In late July of 1999, Ohio public health officials began receiving reports that patients at local hospitals were suffering from E. coli O157:H7 infections. By August 2, 1999, fifteen cases had been confirmed, and through investigative interviews the Ohio Department of Health learned that eleven of those fifteen people had eaten foods purchased from KFC restaurants in southwestern Ohio counties in the week before becoming ill.
Experts from the Centers for Disease Control and Prevention (CDC) joined the epidemiologic investigation, and isolates were requested from all culture-confirmed cases so that pulse-field gel electrophoresis (PFGE) analysis, or “genetic fingerprinting” could be performed at the Ohio Department of Health Laboratory. Twelve culture-confirmed cases were found to have identical PFGE patterns in their E. coli O157:H7 isolates. This PFGE pattern was recognized as the outbreak strain.
Subsequent case-control studies conducted by public health investigators identified KFC coleslaw as the source of the E. coli outbreak. When sanitarians visited the implicated KFC restaurants, they found a number of deficiencies in the preparation of the coleslaw that could have contributed to the outbreak. Three particular food-handling errors were noted as possible explanations for the E. coli contamination in the coleslaw: inclusion of outer cabbage leaves, insufficient washing of cabbage, and the use of unpeeled carrots in the coleslaw.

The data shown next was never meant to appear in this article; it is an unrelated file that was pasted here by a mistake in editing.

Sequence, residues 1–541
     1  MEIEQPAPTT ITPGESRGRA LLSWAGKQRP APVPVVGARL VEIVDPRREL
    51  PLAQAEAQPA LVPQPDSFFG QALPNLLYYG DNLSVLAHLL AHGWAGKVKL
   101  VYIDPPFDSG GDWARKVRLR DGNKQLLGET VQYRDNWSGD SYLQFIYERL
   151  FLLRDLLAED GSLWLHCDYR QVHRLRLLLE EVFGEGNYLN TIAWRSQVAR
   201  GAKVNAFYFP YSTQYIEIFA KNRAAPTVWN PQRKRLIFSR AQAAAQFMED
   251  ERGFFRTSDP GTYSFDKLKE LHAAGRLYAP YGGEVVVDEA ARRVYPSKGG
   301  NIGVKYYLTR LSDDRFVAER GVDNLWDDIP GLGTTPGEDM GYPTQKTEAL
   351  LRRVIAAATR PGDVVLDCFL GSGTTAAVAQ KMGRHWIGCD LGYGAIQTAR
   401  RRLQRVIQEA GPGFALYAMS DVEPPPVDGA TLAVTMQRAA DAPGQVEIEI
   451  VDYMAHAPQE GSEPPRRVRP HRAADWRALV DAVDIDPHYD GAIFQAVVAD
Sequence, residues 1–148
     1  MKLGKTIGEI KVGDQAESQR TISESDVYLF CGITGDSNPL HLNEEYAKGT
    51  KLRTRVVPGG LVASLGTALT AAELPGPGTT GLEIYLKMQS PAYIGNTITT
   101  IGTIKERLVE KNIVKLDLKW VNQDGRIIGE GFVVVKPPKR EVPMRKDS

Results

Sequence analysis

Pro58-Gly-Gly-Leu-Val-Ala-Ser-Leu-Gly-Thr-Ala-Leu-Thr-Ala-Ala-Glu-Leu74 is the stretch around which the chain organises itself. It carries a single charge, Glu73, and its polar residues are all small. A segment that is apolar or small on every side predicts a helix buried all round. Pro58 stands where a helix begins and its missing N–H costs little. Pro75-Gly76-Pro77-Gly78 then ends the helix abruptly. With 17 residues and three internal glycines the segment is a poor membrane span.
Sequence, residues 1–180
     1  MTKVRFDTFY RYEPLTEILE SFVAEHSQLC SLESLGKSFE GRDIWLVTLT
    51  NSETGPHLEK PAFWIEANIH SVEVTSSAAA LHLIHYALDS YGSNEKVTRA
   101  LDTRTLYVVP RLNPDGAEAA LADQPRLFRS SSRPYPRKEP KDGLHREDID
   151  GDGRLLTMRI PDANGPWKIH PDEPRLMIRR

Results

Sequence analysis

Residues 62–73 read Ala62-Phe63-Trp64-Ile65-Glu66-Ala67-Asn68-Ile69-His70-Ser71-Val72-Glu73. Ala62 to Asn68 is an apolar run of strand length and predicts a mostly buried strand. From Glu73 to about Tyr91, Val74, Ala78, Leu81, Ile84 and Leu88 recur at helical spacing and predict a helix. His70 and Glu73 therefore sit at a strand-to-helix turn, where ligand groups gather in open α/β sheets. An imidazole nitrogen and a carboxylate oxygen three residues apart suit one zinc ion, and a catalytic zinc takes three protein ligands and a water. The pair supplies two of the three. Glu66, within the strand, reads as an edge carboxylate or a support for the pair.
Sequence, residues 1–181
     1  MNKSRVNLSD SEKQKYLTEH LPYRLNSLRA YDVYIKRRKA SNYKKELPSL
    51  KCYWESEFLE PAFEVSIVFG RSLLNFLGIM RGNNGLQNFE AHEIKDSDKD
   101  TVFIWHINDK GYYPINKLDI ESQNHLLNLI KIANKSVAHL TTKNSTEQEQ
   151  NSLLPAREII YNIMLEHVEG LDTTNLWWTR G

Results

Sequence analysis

Marler Clark represented a woman who became ill with an E. coli infection and hemolytic uremic syndrome after eating foods purchased from a Cincinnati KFC restaurant. She was hospitalized for nearly a month with acute renal failure and other life-threatening complications and nearly died twice. As a result of her E. coli O157:H7 infection, the woman suffered permanent and irreversible injury to her kidneys, pancreas, heart, lungs, and brain. Her claim was resolved in 2001.